AUGUSTA, Ga. - The question hanging over the Masters all week was straightforward: Could Tiger Woods change?
The short answer: He can't.
A fourth-place finish at Augusta National would be the highlight of a career for some guys, and a mild disappointment for others. Woods is not one of them. It pained him every time he failed to win long before his SUV went pin-balling down the driveway and deposited him at the punchline of late-night TV jokes for five solid months. If anything, losing this tournament stung more than all the previous setbacks here rolled into one.
Woods walked off the 18th green Sunday with a final-round 69 and 277 total, five strokes on the wrong side of rival Phil Mickelson's winning 272. It marked the first time Woods shot four rounds under par at the Masters — a tournament he's won four times — and walked away without a green jacket.
"I only enter events to win," he said, "and I didn't get it done."
Gone was much of the grace he displayed in losing before, replaced by a distant stare and an emotional state that can be best described as mechanical. Someone asked whether the attempt to control his temperament had extracted too big a toll.
Woods was talking about his comfort level on the golf course, but his eyes were smoldering. Controlling his emotions at that moment appeared to be every bit as difficult as during the roller-coaster, birdie-and-bogey-filled adventure he'd endured for the previous five hours. Woods angrily ticked off a litany of shots that hadn't come off the way he planned — "snipes ... quacks ... cuts" — beginning with his opening tee shot on a sparkling Sunday afternoon that once held so much promise.
"I don't know how people think you can be happy about that," Woods said finally. "These are not things I normally do. So I'm not going to be smiling and not going to be happy."
At that point, Woods left us to wonder whether the sullen face he turned to the world mirrored how he felt inside.
He never had more eyeballs trained on him than when he pulled the driver back for his first tee shot on Thursday. He sent that rocketing long and true down the first fairway. When he papered over three bogeys with a birdie and two eagles and brought back a 68, the galleries screamed themselves hoarse.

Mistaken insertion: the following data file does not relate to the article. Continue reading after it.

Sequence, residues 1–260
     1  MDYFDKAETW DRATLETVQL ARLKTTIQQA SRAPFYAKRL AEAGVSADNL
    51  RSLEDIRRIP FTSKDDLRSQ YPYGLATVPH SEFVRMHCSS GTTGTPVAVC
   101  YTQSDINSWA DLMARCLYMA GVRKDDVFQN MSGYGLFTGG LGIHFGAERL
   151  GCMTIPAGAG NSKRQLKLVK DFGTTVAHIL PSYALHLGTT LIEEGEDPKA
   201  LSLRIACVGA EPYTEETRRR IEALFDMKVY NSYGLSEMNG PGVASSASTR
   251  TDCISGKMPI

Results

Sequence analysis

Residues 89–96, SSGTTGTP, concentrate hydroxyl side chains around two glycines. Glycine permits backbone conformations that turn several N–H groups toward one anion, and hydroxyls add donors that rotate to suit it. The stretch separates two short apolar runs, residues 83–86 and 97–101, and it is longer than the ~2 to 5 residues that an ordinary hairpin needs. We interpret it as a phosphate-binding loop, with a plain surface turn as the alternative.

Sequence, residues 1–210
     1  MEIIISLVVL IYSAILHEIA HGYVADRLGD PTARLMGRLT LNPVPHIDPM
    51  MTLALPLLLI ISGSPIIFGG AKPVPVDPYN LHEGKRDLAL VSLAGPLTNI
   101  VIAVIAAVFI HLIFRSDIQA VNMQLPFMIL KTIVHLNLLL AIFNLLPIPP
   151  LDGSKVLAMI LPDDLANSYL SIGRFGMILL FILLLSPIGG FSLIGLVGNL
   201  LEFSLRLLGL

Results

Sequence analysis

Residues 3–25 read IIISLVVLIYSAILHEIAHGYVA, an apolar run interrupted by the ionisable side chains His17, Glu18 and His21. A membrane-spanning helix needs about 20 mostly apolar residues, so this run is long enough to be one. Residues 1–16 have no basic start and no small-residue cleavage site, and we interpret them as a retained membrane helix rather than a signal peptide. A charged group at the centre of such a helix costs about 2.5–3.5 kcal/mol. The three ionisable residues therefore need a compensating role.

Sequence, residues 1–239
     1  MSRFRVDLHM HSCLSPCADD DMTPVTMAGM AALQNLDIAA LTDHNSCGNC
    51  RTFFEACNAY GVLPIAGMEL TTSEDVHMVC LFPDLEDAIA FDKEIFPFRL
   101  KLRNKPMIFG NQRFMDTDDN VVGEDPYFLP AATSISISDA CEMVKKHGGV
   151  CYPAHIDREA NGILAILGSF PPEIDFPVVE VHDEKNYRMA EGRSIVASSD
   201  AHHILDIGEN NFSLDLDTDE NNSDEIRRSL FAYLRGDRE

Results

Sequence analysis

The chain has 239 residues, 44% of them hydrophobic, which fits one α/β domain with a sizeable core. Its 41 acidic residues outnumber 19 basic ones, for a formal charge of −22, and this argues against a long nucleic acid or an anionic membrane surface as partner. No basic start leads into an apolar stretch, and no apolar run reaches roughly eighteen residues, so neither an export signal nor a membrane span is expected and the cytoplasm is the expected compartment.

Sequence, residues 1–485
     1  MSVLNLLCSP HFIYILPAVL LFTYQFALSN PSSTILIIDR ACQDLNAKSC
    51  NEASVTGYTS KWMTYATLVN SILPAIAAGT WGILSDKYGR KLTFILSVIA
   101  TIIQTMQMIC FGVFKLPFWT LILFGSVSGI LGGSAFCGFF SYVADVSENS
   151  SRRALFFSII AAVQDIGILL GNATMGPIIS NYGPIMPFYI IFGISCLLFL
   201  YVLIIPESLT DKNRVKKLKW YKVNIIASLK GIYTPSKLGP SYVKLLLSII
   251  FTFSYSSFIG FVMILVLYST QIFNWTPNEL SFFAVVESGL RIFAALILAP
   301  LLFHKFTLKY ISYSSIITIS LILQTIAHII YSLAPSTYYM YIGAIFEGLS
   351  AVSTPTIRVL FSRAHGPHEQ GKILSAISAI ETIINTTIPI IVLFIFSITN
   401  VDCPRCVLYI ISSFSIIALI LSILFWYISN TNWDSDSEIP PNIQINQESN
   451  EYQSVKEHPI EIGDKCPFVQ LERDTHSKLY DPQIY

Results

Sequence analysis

Woods got the same reception Friday and looked even sharper. If you closed your eyes and just listened to the roars, or the questions he got in the interview room afterward, it felt like Woods and his mastery of this confounding game had never left.
"As the week wore on," Woods said, "I kept hitting the ball worse."
Not surprising, perhaps, his temper began cracking through the calm facade every time a hole in his game opened up. He stopped in mid-curse when he pulled an iron at No. 14 late Friday afternoon. By midday Saturday the microphones caught him at No. 6 yelling at himself, "Tiger, you suck!"
Yet even as Mickelson began his charge from five strokes off the lead late that afternoon, it stirred the competitor in Woods. He made five birdies of his own during a wearying back nine and appeared to right himself. But there was this telling exchange with reporters afterward:
"How is the mental focus?"
"It's fine," Woods said. "That's never a problem."
"Playing three days in a row isn't getting ..."
Woods cut the questioner off.
"It's not a problem," he nearly blurted out.
But Bobby Jones, who founded the Masters and insisted on a gentlemanly code of conduct that everyone of his successors has taken pains to enforce to this day, once said this about the game:
"Competitive golf is played mainly on a five-and-a-half-inch course, the space between your ears."
There's no way to know, of course, what's going on in that space of Tiger's. No word, either, on where Woods intends to play next or whether he plans to change anything based on his first real outing in public since he pulled the rug out from under himself.
"I'm going to take a little time off and re-evaluate things," Woods said.
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